At present, approximately 100 sustainability raters administer questionnaires to thousands of companies worldwide, comprising a mix of investor and consumer-facing instruments ranging from issue-specific (e.g., climate change) to multi-issue (integrated environmental, social, and corporate governance factors) ratings, rankings, and indices.
From the company perspective: A single large company may receive more than two dozen surveys annually, all of which seek information – often duplicative – tailored to meet the data needs of various ratings. Companies question whether the requested data is material to their business and express skepticism that the outcomes will actually drive performance improvement. A company may be scored a sustainability leader by some ratings and a laggard by others, creating difficulties for users to understand the causes of such variability.
From the investor perspective: Sustainability ratings offer a valuable instrument for assessing a company’s capacity to anticipate and manage risks that may undermine its long-term competitiveness or reputation. Such ratings also provide valuable insights into the quality of a company’s strategy in terms of identifying and creating new markets for goods and services as well as its capacity to innovate. Missing from this investor-rating relationship is a trusted, external, non-commercial party that provides guidance on what constitutes excellence in ratings.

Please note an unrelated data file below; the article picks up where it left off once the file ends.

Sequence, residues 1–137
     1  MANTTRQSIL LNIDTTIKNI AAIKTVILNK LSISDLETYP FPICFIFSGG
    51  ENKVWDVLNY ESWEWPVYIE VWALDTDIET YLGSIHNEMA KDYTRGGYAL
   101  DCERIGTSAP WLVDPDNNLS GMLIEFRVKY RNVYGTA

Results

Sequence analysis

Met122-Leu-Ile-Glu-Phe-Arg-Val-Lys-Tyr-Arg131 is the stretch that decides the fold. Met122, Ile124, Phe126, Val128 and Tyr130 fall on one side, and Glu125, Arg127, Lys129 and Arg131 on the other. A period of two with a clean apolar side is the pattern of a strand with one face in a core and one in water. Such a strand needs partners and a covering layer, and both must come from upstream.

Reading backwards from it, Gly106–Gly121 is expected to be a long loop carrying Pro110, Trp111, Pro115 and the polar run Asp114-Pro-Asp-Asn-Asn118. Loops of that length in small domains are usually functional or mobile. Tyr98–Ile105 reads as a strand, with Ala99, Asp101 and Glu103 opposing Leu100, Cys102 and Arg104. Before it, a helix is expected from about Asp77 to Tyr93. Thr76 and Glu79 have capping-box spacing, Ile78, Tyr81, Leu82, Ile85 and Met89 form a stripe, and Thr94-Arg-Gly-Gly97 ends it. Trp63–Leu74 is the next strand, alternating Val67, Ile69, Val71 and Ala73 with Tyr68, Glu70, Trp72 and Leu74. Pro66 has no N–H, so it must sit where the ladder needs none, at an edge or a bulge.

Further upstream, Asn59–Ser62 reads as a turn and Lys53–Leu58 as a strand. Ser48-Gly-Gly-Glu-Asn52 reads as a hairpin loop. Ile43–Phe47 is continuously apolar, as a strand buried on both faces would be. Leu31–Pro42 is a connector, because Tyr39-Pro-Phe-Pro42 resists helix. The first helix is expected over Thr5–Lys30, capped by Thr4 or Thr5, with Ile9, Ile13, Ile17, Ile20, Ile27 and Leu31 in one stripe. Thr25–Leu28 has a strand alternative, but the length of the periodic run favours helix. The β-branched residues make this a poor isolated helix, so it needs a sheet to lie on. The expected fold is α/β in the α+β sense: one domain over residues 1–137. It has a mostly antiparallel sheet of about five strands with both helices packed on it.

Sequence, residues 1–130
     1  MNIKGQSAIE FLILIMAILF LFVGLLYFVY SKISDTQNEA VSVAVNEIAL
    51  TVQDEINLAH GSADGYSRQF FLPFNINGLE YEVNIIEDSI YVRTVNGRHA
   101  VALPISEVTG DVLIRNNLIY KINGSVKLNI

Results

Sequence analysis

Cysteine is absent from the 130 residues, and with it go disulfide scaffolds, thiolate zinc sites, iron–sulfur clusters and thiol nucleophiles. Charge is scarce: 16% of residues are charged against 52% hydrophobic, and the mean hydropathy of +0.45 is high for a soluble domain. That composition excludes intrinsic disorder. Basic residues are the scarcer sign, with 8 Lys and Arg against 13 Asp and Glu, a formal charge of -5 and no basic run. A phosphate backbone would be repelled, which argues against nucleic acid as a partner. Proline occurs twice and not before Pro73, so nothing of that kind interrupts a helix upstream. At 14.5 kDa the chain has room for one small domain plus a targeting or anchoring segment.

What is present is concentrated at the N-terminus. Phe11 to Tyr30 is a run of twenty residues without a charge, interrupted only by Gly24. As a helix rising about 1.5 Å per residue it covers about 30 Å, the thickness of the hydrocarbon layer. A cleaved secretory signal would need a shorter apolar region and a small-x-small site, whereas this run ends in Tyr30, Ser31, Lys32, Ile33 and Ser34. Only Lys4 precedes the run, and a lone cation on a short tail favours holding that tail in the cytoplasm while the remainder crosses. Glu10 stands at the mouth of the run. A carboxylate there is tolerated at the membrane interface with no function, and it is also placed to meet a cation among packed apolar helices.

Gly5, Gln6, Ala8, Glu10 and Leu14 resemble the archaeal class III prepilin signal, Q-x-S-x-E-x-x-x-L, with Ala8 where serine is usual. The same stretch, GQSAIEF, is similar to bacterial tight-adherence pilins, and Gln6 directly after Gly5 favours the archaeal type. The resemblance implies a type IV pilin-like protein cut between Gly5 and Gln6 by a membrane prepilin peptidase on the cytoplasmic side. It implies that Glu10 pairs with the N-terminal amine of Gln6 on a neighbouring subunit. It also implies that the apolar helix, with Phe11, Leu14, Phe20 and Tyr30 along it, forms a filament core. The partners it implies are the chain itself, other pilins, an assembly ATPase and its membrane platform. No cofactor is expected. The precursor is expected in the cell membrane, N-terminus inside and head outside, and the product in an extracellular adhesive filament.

From the raters’ perspective: Users are best served with transparent and customizable ratings to meet specific purposes. Transparency, however, must be balanced with protection of intellectual property. Further, raters also face economic incentives and pressures from their investor clients to expand company coverage breadth, but this often comes at the expense of deepening issue and indicator depth. This resource allocation dilemma pressures raters to expand company coverage a “mile wide,” often impeding their ability to enhance issue coverage to reach a “mile deep.”
A Necessary Solution
Understanding and reconciling company, investor and rater perspectives – all valid and compelling in isolation – is prerequisite to realizing a future in which ratings achieve their full potential to drive markets toward sustainable outcomes. Where interests diverge, compromise and harmonization will be necessary such that all parties view solutions as reasonably aligned with their respective needs and objectives and expanding the market for high quality ratings to the benefit of all parties, including society at-large. This outcome lies at the heart of GISR vision and mission.